The National Safety Council has anounced that during the first seven months of 1952 there were 20,000 deaths caused by automobiles. This is an increase of 2% over 1951. Rural accidents were responsible for the rise in fatalities, as cities as a whole experienced a 6% decline. Chicago, however, did not have the same experience as other large cities; it showed the worst record of the five cities with a population of more than a million. And yet, as has been shown repeatedly, traffic accidents can be reduced. In Los Angeles traffic deaths have been cut in half in the last four years, and in Detroit there has been a decrease of 46%, in spite of an increase of 32% in car registrations. This appalling death rate offers more than a statistic to the medical profession. It poses an unusual challenge.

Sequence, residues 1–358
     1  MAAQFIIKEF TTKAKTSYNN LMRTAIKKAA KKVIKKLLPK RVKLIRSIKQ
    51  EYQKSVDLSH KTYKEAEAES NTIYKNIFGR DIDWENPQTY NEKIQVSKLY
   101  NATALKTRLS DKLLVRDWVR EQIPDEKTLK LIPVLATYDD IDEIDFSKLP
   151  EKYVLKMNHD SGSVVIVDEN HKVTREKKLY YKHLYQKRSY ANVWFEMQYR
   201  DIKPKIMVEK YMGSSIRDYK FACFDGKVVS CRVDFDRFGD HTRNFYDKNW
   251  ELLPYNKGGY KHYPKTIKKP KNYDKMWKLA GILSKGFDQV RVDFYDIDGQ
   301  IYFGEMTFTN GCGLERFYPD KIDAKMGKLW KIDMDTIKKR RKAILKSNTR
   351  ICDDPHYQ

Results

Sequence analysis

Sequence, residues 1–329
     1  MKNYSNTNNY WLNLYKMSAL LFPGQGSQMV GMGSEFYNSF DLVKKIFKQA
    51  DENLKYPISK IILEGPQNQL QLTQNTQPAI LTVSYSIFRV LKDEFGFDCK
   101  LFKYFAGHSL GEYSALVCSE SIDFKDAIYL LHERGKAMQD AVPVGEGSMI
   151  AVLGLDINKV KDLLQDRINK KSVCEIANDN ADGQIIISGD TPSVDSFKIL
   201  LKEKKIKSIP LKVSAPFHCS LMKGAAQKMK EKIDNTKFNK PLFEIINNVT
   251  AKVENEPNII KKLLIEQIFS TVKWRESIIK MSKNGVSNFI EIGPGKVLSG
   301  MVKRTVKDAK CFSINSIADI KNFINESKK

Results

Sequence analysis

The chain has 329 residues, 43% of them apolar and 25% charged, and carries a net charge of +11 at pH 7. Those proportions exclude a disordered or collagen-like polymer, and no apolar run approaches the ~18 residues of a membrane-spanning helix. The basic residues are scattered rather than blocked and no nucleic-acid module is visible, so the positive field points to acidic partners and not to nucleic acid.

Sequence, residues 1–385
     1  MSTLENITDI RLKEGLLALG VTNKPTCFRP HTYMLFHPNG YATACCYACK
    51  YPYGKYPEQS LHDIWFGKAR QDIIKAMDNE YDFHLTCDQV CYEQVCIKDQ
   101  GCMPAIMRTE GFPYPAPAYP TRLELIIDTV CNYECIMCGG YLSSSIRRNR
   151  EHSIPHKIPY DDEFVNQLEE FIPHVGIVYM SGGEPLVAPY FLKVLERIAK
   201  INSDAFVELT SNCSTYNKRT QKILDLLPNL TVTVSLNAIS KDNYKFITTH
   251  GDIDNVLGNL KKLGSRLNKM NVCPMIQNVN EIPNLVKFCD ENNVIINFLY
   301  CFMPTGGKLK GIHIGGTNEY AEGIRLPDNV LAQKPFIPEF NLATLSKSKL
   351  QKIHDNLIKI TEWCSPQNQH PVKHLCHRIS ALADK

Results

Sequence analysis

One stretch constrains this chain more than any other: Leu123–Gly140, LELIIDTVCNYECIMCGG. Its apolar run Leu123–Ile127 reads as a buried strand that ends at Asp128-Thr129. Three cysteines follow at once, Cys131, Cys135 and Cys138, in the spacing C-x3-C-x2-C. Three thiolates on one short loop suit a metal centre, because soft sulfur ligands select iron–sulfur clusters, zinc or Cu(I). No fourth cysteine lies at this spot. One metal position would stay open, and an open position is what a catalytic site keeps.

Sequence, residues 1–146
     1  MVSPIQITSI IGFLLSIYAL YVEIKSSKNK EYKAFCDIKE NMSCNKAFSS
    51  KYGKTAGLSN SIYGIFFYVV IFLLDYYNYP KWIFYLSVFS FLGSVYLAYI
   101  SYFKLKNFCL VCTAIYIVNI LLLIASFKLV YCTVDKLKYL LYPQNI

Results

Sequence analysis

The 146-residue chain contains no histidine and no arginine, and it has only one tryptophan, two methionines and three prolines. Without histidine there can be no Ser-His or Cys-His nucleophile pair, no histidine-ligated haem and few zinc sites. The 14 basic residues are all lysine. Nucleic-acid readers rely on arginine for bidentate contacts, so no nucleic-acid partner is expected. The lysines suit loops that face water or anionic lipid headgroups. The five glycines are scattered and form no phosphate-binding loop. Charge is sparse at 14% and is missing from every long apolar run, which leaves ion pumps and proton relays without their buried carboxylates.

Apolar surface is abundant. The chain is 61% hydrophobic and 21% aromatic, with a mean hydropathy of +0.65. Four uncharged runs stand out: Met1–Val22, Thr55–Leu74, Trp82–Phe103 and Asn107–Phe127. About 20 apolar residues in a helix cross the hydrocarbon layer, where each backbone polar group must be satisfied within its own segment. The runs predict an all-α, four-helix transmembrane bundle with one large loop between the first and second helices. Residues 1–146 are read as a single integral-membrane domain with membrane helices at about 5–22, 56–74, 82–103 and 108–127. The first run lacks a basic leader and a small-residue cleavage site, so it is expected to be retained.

Fatal automobile accidents are now a major cause of